Let $E$ be a Banach space, and let $E'$ denote its topological dual. Let us consider the spaces $\ell_1(E')$ and $c_0(E)$ defined by

$\ell_1(E')=\{(x_n^{'})_{n=1}^\infty\subset E': \sum_{n=1}^\infty||x_n^{'}||<\infty\}$, and

$c_0(E)=\{(x_n)_{n=1}^\infty\subset E: x_n\longrightarrow 0 \ {\rm{in}} \ E\}$.

Can anybody give a reference containing an elementary proof of the topological isomorphism $\ell_1(E')\cong [c_0(E)]'$ ?

Thanks in advance.


With the same idea as when $E=\mathbb C$, define $\gamma:\ell_1(E')\to c_0(E)'$ by $$\tag1 \gamma(x')x=\sum_n x'_n(x_n),\ \ \ \ x\in c_0(E). $$ The conditions on $\ell_1(E')$ and $c_0(E)$ guarantee that $\gamma $ is well-defined (that is, the series makes sense). Moreover, $\gamma $ is isometric; indeed, from $(1) $ we get $\|\gamma (x')\|\leq\sum_n\|x'_n\|=\|x'\|$. Given $\varepsilon>0$ and $m\in\mathbb N $, for each $n\leq m $ choose $x_n\in E $ with $\|x_n\|=1$ and $x'_n (x_n)>\|x'_n\|-\varepsilon/2^n $, and put $x_n=0$ for $n>m$; then $x=\{x_n\} \in c_0 (E) $ and $$\gamma(x')x=\sum_nx'_n (x_n)=\sum_{n=1}^mx'_n (x_n)>-\varepsilon+\sum_{n=1}^m\|x'_n\|. $$ As we can do this for all $\varepsilon $ and $m $, we get $\|\gamma (x')\|\geq\sum_n\|x'_n\|=\|x'\|$, and thus $\gamma$ is isometric.

It is trivial that $\gamma$ is linear. If $\gamma(x)=0$, evaluating on sequences that have a single nonzero element we get that $x'_n=0$ for all $n$, so $x'=0$ and $\gamma$ is injective. Now let $\phi\in c_0(E)'$. Any element in $c_0(E)$ is of the form $x=\sum_n x_n\,e_n$, where $x_n\in E$ and $e_n\in c_0(\mathbb N)$ is the sequence with the $n^{\rm th}$ entry equal to 1 and zeroes elsewhere. From $x_n\to0$, we get that the series for $x$ converges (since the norm is the supremum norm). As $\phi$ is continuous, $$\phi(x)=\sum_n \phi(x_ne_n)=\sum_n\phi_n(x_n),$$ where $\phi_n\in E'$ is defined by $\phi_n(x)=\phi(xe_n)$ (by $xe_n$ we mean the sequence with $x$ in the $n^{\rm th}$ position and zeroes elsewhere). Thus $\phi=\gamma(\{\phi_n\})$, if we show that $\{\phi_n\}\in\ell_1(E')$.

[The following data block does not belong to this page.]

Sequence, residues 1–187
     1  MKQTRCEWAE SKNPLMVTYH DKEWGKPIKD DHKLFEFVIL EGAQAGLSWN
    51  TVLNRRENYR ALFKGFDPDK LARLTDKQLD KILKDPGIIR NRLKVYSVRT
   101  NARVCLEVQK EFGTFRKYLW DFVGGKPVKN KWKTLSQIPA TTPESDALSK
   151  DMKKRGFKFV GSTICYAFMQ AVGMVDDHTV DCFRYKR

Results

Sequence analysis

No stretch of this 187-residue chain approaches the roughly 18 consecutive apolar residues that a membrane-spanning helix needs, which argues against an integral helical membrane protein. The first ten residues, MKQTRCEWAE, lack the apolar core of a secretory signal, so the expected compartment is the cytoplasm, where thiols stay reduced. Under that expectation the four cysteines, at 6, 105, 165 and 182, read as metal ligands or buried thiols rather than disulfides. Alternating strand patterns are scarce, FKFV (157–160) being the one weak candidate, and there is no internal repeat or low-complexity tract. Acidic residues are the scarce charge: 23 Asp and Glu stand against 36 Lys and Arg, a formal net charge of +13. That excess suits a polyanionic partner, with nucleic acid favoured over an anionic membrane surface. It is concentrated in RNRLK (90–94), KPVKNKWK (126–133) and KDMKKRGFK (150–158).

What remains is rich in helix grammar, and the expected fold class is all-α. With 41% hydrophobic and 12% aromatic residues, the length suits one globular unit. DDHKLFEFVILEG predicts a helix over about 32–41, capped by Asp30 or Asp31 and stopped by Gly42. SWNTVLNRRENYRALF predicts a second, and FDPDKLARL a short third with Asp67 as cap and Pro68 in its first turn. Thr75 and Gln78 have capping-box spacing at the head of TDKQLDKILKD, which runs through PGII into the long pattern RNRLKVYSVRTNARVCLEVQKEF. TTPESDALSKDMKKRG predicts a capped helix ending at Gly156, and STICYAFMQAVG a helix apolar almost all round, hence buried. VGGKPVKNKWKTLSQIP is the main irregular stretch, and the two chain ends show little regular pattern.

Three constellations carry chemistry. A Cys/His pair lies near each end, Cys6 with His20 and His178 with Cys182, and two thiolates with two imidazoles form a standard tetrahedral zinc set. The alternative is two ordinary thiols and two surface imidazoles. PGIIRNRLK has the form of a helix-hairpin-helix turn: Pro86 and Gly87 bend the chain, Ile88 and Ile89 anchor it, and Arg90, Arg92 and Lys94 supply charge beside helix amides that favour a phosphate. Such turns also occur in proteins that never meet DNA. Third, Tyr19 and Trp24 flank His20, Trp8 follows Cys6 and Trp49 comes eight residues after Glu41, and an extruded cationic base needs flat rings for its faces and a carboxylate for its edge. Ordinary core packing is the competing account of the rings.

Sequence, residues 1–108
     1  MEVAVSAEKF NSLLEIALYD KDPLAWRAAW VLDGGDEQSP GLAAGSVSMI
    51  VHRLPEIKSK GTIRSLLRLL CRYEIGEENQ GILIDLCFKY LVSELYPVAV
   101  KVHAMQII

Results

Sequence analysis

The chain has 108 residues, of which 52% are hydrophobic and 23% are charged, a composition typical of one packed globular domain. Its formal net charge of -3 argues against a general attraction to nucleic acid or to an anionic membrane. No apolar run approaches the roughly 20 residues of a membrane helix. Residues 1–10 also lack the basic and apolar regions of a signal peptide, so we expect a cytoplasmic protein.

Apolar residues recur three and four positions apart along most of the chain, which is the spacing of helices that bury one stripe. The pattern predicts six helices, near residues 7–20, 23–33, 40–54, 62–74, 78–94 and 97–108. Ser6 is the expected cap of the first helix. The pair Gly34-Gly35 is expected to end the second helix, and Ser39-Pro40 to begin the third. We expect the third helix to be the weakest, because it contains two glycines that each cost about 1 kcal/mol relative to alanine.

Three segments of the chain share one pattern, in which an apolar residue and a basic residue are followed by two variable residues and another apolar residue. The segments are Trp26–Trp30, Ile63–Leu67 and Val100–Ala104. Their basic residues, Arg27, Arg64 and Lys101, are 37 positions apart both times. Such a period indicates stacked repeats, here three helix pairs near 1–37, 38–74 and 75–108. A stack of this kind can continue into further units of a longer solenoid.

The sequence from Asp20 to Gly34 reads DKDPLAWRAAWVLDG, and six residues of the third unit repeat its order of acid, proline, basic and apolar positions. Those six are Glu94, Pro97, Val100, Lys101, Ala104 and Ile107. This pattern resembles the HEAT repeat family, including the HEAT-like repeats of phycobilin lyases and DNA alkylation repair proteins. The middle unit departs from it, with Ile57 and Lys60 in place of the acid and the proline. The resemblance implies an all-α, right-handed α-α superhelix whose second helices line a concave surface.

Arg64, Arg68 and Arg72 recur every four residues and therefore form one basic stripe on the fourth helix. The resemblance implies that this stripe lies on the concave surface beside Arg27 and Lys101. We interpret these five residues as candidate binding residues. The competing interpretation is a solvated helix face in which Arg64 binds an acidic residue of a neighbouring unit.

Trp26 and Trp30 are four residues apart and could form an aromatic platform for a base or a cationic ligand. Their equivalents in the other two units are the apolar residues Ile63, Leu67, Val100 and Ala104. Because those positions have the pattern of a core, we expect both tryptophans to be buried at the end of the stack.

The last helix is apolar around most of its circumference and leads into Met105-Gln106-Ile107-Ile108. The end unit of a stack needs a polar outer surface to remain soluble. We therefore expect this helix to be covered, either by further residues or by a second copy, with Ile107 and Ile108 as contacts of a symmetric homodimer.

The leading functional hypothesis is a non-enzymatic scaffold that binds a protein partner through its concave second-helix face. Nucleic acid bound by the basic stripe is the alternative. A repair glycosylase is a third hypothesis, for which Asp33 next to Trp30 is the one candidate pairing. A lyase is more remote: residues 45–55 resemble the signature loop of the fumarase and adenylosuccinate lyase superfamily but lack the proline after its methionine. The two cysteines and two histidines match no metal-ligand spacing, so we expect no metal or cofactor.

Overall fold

Fix $\varepsilon>0$, $m\in\mathbb N$. For each $n\leq m$, choose $x_n\in E$ with $\|x_n\|=1$, $\phi_n(x_n)>\|\phi_n\|-\varepsilon/2^n$, and $x_n=0$ if $n>m$. Then $x=\{x_n\}\in c_0(E)$, and $$ \|\phi\|\geq|\phi(x)|=\sum_n\phi_n(x_n)=\sum_{n=1}^m\phi_n(x_n)\geq-\varepsilon+\sum_{n=1}^m \|\phi_n\|. $$ As we can do this for all $\varepsilon>0$ and all $m\in\mathbb N$, we get that $\sum_n\|\phi_n\|\leq\|\phi\|$ and so $\{\phi_n\}\in\ell_1(E')$. So $\gamma$ is surjective.

By the Inverse Mapping Theorem, $\gamma$ is an isomorphism.

  • $\begingroup$ Thank for the very nice proof. Just one more question. It is easy to see that $||\gamma(x')||\leq||x'||_1$. Could you add the proof of the fact that the reverse implication is true also? $\endgroup$ – serenus Jan 10 at 7:53
  • $\begingroup$ Done. You'll notice that the argument is familiar. $\endgroup$ – Martin Argerami Jan 10 at 10:06
  • $\begingroup$ In the isometric part, in the beginning of the inequality, I think $x'(x)$ should be $\gamma (x')x$, isn't it? $\endgroup$ – serenus Jan 10 at 10:33
  • $\begingroup$ Yes. $\ \ \ \ \ $ $\endgroup$ – Martin Argerami Jan 10 at 15:35
  • $\begingroup$ Thanks for the proof. $\endgroup$ – serenus Jan 10 at 15:43

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